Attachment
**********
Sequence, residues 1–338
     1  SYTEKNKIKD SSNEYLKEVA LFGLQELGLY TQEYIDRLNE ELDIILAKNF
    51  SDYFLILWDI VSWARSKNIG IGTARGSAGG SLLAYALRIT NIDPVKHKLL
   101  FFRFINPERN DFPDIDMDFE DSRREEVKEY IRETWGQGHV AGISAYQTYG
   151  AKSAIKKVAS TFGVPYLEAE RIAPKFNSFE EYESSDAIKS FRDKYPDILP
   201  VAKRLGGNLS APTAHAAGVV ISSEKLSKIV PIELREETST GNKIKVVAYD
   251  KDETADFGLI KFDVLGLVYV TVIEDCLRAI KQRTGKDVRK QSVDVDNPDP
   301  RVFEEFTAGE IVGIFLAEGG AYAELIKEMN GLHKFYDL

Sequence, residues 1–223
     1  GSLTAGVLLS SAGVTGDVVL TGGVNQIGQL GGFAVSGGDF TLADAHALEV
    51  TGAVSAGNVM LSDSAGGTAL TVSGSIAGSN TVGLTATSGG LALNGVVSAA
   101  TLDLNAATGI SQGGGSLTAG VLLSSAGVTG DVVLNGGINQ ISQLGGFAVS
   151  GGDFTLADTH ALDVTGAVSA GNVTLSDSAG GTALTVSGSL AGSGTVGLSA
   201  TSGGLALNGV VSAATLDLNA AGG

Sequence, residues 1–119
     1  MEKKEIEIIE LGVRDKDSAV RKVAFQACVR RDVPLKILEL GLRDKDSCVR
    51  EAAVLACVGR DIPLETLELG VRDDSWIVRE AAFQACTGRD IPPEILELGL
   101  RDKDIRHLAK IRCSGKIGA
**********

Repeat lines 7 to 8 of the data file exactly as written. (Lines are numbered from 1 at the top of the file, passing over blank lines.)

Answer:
   251  KDETADFGLI KFDVLGLVYV TVIEDCLRAI KQRTGKDVRK QSVDVDNPDP
   301  RVFEEFTAGE IVGIFLAEGG AYAELIKEMN GLHKFYDL